Langston Hughes was born in Joplin, Missouri in 1902. He was a poet, novelist, and scholar who embodied the subtle status African-American culture. Hughes was an exceptional poet in that he tried to convey the voices of black America, as well as the culture, lifestyle and challenges involved in black American life. Hughes gained a deep understanding of America’s dream and its state through his writing, experience, and uncanny empathy. Hughes was able, more specifically, to speak out for the American dream of black Americans, which was very different from the American dream. Hughes portrays a downtrodden dream that Hughes describes through strong depictions of poverty, prejudice, and obscurity. This dream is for those who cannot even attain rights like equality and liberty. These people often lose their dreams or forget about them. Hughes doesn’t believe that all hope is lost. Hughes believes that even though the American dream subjects are often without possession, dignity, or respect, they can still achieve their goals with hard work, dedication, and time. Hughes presents the meaning of America’s dream for the disenfranchised through works like “As I Grew Older,” I, Too,” American Heartbreak,” and “Let America Be America Again.” He also discusses the challenges to it and explains the current context of America’s dream in relation to society.
Original publication in 1925, “As I Grew Older” refers directly to the dream of the narrator. This poem is about the difficulties of facing obstacles along the way to success. Although the poem is not intended to be taken in cultural context, it is clear that “As I Grew older” focuses on the unique difficulties faced by African-Americans in finding equality in a world that rejects them. “As I Grew older” opens with a long-held dream that the speaker had, “Bright as the sun.” This old dream was never realized by the speaker.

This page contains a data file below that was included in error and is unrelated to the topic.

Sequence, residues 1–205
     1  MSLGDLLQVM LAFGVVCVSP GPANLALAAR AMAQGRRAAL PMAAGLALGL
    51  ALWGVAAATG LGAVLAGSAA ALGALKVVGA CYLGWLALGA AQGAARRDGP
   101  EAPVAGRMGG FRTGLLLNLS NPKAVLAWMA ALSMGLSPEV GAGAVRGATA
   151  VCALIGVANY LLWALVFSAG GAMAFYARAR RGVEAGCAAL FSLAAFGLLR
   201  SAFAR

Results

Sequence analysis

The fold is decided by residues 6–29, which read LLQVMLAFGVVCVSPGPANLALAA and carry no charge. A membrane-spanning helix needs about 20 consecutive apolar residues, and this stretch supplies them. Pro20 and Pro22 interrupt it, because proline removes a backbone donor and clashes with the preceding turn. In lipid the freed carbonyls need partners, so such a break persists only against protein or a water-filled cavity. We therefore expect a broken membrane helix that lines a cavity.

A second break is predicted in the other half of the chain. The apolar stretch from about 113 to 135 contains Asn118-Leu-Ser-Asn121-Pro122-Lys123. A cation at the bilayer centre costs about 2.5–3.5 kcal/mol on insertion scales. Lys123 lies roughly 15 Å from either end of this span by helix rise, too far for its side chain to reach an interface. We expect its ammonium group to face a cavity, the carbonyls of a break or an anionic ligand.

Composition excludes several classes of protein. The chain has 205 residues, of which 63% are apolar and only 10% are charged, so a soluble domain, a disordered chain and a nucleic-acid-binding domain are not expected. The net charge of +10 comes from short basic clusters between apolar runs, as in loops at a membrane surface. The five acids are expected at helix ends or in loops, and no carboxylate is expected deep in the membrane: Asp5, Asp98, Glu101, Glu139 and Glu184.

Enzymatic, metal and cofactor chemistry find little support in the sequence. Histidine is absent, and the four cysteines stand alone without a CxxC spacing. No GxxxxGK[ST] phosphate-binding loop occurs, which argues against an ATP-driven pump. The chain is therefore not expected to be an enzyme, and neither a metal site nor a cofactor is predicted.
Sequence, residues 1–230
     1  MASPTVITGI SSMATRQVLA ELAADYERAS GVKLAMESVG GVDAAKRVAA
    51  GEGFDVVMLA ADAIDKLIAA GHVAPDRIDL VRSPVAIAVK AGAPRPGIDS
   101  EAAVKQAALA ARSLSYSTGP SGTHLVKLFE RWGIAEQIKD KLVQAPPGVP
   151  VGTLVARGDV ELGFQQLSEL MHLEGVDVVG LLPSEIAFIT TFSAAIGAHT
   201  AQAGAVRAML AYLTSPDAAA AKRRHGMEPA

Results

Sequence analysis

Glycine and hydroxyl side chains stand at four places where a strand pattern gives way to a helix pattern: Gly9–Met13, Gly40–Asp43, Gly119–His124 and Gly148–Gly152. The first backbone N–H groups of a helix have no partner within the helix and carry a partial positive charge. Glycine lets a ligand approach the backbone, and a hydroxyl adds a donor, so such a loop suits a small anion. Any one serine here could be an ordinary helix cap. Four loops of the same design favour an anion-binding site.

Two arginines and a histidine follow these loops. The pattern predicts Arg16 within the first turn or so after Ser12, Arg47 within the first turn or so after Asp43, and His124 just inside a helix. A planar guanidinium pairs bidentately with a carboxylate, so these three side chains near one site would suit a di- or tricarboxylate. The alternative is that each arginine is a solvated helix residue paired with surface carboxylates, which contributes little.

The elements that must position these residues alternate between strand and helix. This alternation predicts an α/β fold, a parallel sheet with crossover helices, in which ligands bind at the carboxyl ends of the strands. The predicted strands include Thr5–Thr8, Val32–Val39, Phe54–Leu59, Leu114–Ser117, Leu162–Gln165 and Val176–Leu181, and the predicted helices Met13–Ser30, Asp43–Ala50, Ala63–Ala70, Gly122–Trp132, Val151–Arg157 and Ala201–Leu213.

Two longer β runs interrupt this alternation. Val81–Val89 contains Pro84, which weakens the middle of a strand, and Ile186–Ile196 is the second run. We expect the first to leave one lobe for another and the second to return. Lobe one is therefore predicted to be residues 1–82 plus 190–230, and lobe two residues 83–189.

My dream. The wall rose slowly, slowly, between me and my dreams. Rose till it touched the sky
The nature of the wall is not revealed throughout the poem. The wall is described as insurmountable and impossible to break down. The poem uses figurative language to show the struggle to break through the wall. It also serves to portray the speaker’s despair as he struggles futilely against terrible odds. The poem gives the wall a human face and is embodied in it. The wall gradually rises above the sun and the speaker is forced to lie down in the shadows. The speaker can be understood as resigning to his dreams and laying down. The speaker, lying in the shadows, cries, “my hands, dark hands!” which adds a racial dimension to his distress. The shadows could also be seen as a manifestation of the character’s dark skin. Now it is understood that the speaker represents all African Americans who had to give up their dreams because of persecution and discrimination. The speaker is seen as a shadow figure, and it can be seen that Ralph Ellison’s Invisible Man draws a parallel between him and the African American narrator. The Invisible Man narrator states, “I am invisible, understand because people refuse to recognize me” (Ellison 3). This powerful description accurately reflects the struggles of the speaker in “As I Grew older” and allows for greater understanding of the obstacles that hinder the speaker from achieving his dream.